As easy as this project seemed it had its challenges. First getting my 10 year old to decide on a person was difficult. She kept suggesting people she already studied in past projects. We rejected all of those suggestions. An easy out was her idea of getting this project over and done. The point is to really think about who inspires them not choose somebody randomly. My daughter just has not quite come to the realization of how lucky she is to have a teacher that gives such a broad choice for a project. Next year Leah will wish for this freedom. After several rejections we were getting frustrated with each other. Leah didn't want to think about schoolwork when a sunny day beckoned. Finally the name Wright came up. Wright as in the Wright brothers. It was settled. She narrowed it down to a guy. At least we had something! I took a trip to the library and selected a few books about the Wright brothers. I left her to decide which brother she wanted to focus her report on. Leah chose Wilbur Wright. She chose him because he was a curious, determined, hard working, and older brother. Perfect for her an older sibling. She read the books and checked out a few websites for additional information.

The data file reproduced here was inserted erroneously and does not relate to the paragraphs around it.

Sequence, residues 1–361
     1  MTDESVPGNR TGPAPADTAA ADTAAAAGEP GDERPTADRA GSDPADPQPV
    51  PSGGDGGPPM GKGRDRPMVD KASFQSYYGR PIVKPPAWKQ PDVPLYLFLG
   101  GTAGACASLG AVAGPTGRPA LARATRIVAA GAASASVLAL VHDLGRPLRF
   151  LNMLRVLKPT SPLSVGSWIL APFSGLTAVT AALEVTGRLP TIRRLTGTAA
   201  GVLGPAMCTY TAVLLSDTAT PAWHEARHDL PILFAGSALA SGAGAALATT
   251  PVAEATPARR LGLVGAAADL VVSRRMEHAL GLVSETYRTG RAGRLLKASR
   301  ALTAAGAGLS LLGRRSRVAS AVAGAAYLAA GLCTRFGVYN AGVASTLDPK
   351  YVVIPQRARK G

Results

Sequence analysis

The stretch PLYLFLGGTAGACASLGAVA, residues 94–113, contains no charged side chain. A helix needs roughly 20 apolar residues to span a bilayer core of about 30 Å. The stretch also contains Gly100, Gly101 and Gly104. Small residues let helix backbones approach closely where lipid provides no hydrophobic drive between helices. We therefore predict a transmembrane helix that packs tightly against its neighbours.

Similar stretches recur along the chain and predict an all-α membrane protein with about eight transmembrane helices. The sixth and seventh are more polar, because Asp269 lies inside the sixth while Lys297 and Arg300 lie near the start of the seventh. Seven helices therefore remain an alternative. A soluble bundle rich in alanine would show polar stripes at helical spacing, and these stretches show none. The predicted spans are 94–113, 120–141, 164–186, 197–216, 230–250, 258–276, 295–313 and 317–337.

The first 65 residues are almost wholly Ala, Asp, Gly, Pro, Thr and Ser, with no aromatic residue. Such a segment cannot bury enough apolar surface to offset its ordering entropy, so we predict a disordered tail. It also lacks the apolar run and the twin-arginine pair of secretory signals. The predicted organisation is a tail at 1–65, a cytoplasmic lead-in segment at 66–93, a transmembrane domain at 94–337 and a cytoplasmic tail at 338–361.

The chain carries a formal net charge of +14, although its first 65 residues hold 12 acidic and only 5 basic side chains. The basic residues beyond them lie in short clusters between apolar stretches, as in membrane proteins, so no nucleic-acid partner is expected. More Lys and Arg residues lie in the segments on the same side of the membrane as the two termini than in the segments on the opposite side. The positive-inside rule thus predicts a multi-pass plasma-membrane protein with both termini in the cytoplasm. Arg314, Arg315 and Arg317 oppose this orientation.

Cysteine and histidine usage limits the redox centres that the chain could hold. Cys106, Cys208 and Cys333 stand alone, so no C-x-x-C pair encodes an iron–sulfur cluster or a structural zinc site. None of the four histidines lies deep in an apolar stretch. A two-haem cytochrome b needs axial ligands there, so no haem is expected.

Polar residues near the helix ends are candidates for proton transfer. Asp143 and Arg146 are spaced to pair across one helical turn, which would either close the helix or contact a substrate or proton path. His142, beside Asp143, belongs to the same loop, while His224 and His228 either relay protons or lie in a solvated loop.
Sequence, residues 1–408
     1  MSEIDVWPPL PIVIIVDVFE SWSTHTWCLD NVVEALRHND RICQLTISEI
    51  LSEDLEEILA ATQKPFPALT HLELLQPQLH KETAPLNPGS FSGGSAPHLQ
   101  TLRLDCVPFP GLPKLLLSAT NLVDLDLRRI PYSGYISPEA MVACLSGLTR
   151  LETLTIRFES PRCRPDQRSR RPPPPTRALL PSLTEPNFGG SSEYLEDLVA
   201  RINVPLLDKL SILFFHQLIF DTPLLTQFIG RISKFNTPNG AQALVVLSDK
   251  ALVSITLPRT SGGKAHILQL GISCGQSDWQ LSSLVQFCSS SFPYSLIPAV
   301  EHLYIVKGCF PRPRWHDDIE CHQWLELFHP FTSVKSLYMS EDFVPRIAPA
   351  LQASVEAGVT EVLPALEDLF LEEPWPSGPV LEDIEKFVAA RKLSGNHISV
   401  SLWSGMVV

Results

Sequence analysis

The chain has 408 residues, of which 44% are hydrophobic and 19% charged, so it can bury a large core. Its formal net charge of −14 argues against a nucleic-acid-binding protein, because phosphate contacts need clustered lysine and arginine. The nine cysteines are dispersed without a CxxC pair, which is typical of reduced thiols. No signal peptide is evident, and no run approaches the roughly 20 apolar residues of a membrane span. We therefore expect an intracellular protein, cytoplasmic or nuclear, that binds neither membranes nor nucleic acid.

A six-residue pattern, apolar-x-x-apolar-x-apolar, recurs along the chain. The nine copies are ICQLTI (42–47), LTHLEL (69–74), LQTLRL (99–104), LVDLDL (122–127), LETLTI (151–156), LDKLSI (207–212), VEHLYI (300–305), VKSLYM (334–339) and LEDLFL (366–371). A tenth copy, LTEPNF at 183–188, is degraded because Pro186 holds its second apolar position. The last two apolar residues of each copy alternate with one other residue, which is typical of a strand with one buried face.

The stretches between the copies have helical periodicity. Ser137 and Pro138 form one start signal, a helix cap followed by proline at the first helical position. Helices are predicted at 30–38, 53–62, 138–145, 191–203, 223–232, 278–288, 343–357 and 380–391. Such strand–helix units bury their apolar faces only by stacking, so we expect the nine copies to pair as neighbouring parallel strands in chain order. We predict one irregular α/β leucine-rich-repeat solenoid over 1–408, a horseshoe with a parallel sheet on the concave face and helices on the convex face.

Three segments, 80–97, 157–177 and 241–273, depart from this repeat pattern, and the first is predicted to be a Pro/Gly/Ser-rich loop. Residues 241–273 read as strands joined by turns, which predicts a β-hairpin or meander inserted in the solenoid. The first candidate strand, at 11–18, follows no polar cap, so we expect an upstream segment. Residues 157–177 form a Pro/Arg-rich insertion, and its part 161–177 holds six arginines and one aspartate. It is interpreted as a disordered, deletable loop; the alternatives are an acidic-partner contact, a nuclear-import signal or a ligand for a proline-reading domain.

I was pleased she made a decision about this project. Wilbur was quite an interesting person. I think by reading about him she was able to put some of those pieces together from all the places we visited. We have been to Kitty Hawk, NC to see the location of the first flight. We have been to Dayton,OH Carillon Park to see the replica of the plane as well as the bike shop. And there is the Smithsonian where we have seen the actual first plane. Reminding her of these places helped her think about Wilbur differently. Not only that but her very own great-grandmother lived near the Wright home in Dayton, Ohio. Having that sort of connection is exciting for children. I wish Granny were around to tell some stories because I just can't remember them all.